PMID: 32041555
ISSN: 1471-2458
CID: 5047192

Assessing risk factors and impact of cyberbullying victimization among university students in Myanmar: A cross-sectional study

Khine, Aye Thazin; Saw, Yu Mon; Htut, Zaw Ye; Khaing, Cho Thet; Soe, Htin Zaw; Swe, Kyu Kyu; Thike, Thinzar; Htet, Hein; Saw, Thu Nandar; Cho, Su Myat; Kariya, Tetsuyoshi; Yamamoto, Eiko; Hamajima, Nobuyuki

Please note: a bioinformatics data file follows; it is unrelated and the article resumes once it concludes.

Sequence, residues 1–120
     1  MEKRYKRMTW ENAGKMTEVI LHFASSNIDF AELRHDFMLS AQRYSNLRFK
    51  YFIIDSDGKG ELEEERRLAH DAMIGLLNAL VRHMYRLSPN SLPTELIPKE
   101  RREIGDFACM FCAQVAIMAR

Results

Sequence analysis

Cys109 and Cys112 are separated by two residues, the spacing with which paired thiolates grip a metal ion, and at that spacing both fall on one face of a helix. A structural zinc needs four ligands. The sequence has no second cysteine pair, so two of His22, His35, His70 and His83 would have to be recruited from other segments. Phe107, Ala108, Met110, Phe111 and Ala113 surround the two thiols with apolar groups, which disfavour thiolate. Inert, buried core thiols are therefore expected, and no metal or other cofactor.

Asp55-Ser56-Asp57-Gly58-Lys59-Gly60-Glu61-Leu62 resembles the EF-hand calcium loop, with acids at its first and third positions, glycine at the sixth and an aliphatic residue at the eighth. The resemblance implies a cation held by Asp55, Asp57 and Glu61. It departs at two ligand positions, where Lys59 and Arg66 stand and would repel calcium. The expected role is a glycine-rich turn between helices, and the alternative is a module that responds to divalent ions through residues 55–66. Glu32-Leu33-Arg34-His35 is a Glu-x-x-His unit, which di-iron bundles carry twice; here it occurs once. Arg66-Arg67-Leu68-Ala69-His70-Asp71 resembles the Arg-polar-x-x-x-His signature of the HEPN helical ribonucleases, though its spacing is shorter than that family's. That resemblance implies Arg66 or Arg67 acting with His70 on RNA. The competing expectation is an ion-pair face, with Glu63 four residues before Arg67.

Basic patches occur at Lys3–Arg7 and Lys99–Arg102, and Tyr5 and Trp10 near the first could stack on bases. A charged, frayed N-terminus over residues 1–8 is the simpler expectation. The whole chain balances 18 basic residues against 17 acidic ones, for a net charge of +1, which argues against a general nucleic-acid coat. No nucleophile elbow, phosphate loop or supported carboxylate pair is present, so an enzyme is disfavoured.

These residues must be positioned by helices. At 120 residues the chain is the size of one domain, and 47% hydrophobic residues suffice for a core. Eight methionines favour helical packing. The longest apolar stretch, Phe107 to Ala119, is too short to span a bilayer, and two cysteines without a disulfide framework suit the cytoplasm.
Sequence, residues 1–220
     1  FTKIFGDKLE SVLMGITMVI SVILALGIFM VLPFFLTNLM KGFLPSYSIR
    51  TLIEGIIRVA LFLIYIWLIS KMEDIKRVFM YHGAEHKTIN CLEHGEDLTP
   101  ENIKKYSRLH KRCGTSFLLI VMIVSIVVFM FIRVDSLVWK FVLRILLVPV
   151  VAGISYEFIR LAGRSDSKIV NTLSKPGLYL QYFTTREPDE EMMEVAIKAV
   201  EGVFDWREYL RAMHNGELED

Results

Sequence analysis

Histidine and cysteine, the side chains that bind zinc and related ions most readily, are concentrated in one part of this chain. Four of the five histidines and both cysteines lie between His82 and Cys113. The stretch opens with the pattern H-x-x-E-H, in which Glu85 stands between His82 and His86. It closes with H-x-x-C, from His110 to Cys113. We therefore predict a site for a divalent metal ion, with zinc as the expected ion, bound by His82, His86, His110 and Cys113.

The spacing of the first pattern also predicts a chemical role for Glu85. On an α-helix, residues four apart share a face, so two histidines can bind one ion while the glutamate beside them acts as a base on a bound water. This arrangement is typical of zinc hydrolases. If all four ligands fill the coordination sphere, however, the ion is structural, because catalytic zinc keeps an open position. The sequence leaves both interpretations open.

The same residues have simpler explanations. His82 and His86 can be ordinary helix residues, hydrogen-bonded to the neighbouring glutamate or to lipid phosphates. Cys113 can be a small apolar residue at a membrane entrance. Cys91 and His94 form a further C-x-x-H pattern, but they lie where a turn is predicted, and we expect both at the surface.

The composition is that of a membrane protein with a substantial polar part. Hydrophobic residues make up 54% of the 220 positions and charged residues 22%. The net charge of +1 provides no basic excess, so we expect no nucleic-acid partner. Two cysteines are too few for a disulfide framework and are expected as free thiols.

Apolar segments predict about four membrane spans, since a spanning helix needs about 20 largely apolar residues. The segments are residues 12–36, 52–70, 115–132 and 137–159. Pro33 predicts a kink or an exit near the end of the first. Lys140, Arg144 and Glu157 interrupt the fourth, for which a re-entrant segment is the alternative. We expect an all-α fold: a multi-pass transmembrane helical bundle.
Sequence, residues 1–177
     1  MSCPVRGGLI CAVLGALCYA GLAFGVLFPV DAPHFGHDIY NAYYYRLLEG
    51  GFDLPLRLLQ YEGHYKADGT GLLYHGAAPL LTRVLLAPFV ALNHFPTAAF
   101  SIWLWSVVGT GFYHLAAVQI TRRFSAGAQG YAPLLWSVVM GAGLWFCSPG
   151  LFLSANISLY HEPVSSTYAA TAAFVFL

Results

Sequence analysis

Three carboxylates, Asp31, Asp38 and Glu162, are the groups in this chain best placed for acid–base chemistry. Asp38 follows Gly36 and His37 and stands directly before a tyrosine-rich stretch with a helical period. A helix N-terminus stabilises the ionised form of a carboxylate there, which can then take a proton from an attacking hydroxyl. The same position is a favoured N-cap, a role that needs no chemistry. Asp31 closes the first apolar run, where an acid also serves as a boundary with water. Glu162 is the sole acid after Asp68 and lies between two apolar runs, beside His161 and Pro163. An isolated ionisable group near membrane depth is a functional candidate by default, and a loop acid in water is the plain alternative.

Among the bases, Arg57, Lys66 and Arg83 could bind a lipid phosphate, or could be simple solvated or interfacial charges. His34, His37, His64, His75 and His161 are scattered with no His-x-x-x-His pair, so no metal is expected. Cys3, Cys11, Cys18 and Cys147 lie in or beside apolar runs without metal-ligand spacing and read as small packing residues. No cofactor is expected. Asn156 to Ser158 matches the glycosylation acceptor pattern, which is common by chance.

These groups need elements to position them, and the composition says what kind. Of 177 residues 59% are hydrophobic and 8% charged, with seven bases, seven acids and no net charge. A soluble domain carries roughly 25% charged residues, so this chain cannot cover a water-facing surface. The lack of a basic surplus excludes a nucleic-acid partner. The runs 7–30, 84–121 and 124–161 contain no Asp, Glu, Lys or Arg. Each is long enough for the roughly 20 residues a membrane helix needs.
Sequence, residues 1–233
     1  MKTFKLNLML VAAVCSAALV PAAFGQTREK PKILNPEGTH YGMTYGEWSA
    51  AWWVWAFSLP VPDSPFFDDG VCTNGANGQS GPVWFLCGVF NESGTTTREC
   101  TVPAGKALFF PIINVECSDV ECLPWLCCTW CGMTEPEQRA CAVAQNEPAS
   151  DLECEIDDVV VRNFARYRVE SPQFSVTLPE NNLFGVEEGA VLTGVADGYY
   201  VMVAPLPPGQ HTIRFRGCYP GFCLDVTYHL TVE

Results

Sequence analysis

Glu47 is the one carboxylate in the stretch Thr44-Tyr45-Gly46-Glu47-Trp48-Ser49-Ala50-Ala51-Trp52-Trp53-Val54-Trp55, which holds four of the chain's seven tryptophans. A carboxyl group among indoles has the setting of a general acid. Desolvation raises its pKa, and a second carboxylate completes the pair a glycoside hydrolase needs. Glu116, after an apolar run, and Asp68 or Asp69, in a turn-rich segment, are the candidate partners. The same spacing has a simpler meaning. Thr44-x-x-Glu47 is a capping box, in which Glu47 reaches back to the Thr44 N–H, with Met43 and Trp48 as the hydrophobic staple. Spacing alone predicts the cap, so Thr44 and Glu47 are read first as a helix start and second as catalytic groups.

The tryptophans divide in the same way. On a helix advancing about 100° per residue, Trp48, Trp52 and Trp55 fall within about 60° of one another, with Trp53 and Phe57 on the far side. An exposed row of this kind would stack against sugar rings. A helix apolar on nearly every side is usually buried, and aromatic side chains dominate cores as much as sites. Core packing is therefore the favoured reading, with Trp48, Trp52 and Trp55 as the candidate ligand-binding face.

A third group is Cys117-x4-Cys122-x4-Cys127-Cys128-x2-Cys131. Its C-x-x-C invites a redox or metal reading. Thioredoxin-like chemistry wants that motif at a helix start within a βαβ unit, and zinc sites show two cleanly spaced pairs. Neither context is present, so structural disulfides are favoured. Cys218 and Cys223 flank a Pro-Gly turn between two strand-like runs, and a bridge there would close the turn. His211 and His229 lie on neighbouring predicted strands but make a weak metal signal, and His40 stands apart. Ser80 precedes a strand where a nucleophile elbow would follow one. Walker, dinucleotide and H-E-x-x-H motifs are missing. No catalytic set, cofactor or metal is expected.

BACKGROUND:Cyberbullying is a global public health concern with tremendous negative impacts, not only on the physical and mental health of students but also on their well-being and academic performance. However, there are very few studies on cyberbullying among university students, especially in Myanmar. This study aims to determine the percentage of university students who suffered cyberbullying victimization in the last 12 months, and the association between students' socio-demographic characteristics, adverse events following cyberbullying and cyberbullying victimization. METHODS:A cross-sectional study was conducted among university students aged 18 years and older at one medical university in Magway, Myanmar. A total of 412 students (277 males and 135 females) participated in the study. Data were collected from August to September, 2018 using a self-administered questionnaire. Multiple logistic regression analyses (models I and II) were performed to estimate the unadjusted (UOR) and adjusted odds ratios (AOR), and 95% confidence intervals (CI). RESULTS:In total, 40.8% of males and 51.1% of females in the study had suffered cyberbullying victimization in the past 12 months. In model I, students who had been studying at the university for 3 years or less (AOR = 1.81; 95% CI 1.14-2.85), and who had witnessed psychological, physical or sexual violence, or cyberbullying in their neighborhoods, (AOR = 2.95; 95% CI 1.48-5.91) were more likely to have suffered cyberbullying victimization in the past 12 months. In model II, being a victim of cyberbullying was associated with difficulties in concentrating and understanding lectures (AOR = 3.96; 95% CI 1.72-9.11), and substance abuse (AOR = 2.37; 95% CI 1.02-5.49). Non-resident students were at a higher risk of being cyberbullying victims than their resident peers (AOR = 1.86; 95% CI 1.04-3.34). CONCLUSION:Two out of five students had suffered cyberbullying victimization in the past 12 months, and only half of the victims discussed their experience(s) with someone else. Students who suffered cyberbullying victimization faced academic difficulties and started or increased smoking, betel chewing or alcohol drinking. Counter measures to prevent and mitigate the adverse events related to cyberbullying victimization are urgently needed among university students in Myanmar. Periodic screening for cyberbullying, counseling services, cyber-safety educational programs, and awareness raising campaigns should be implemented.